It was unusually cool yesterday morning. Deciduous trees are a bit more colorful. Some are defoliating. It is looking more like autumn. The soil is still damp from a little bit of rain more than a week ago. Although there is no more rain in the forecast, this rainy season could start at any time now. This is the time for autumn planting, and will soon be the time for dormant pruning.

As much as I like enjoy this weather and this time of year, I can understand why people get annoyed by it in climates where it starts sooner, lasts longer, and gets significantly cooler.

1. Frost on the windshield is not uncommon during winter. It is uncommon prior to winter though. It is also uncommon in the relatively warm (less cool) area where this vehicle was parked.

2. Frost on the roofs is a bit unexpected so early as well. It had covered this roof thoroughly, but is melting now that the sun is coming up. The weather really did not ‘feel’ as cold as it looked.

3. This contraption does not seem so ridiculous now. It insulates an exposed water main, to hopefully protect it from freezing. Water pipes seldom freeze here. Nonetheless, it is a possibility.

4. Dogwood colors well for autumn, even when the weather is not so cool. The species does not perform so well in the Santa Clara Valley, just a few miles north. Notice the frosty roof beyond.

5. This young birch is already defoliated! Actually, it is a formerly canned specimen that is a bit distressed from planting on November 8. Other birches are still wearing bright yellow foliage.

6. Turkeys return annually, precisely on the morning after Thanksgiving, after disappearing for about two or three weeks. Who knows where they go? Their stupidity might be exaggerated.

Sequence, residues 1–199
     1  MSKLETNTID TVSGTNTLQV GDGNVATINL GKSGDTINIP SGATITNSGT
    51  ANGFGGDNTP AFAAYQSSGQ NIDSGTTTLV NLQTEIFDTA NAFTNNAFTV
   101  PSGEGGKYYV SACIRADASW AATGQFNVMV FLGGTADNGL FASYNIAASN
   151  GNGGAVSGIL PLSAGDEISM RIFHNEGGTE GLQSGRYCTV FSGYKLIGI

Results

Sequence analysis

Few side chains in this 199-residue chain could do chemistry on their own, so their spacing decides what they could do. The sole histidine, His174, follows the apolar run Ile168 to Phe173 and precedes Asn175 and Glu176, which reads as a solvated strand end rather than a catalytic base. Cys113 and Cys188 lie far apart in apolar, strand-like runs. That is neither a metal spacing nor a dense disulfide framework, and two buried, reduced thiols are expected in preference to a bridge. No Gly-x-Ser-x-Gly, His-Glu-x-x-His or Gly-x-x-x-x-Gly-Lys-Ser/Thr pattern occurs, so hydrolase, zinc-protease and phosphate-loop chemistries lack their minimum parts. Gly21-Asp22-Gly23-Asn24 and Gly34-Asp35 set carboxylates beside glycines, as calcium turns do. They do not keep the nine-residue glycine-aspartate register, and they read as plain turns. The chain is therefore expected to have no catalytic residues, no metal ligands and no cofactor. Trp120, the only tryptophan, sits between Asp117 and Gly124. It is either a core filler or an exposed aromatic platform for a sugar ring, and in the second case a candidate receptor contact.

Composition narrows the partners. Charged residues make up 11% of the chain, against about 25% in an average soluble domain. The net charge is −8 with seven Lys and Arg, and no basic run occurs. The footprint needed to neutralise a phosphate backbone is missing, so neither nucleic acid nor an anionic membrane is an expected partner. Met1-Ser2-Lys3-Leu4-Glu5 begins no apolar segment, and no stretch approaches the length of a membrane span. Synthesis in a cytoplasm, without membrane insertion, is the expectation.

This is the link for Six on Saturday, for anyone else who would like to participate:


14 thoughts on “Six on Saturday: Frozen

    1. It is nothing like the ‘real’ frost of other regions. It barely forms ice crystals before the sun comes up to thaw it all out. However, it is just enough to limit selection of the sorts of tropical plants that I encounter in Beverly Hills down south. Strangely, snow is more likely in the region of Beverly Hills. Seriously! When it snowed for the last time in the Santa Clara Valley, it was less than a quarter of an inch deep. That was in 1976, and one of only two such rare occurrences during the Twentieth Century. It had snowed a few more times, and a bit more abundantly (although not by much) in Beverly Hills and the Los Angeles Region during the Twentieth Century.


    1. For this region, it is certainly early, although not impossible. We get surprises here like anywhere else. Fortunately, we do not expect hard frosts. That happened only once in recorded history, just prior to Christmas in 1990.

      Liked by 1 person

    1. It is something to brag about here because flowering dogwood is sensitive to the aridity of climates just a few miles farther inland. I grew dogwoods on the farm, but disliked them because I knew that most went to climates where they would not likely be happy. In the Santa Clara Valley, they are understory trees, and even in the shelter of tall redwoods, are likely to get roasted by the end of summer, and therefore not color for autumn.


  1. My tiny dogwood looks just like that. It’s from Arbor Day and they said it was a white flowering one. I think the stupid turkeys are the white ones raised for meat. Of course, they don’t live long enough to learn much!

    Liked by 1 person

    1. Our dogwoods resemble those that I have seen in pictures from other regions. They would not be so happy in more arid climates just a few miles away. Although strange, they are a pleasure to work with. Even though white is my favorite color, for dogwoods, I enjoy the various shades of pink also, perhaps because I still think of them as exotic.
      The white turkeys are what we know as ‘feral’ turkeys. I have not seen any of them in a long time. The turkey colored turkeys might be feral as well, but no one knows. They could have migrated here naturally.


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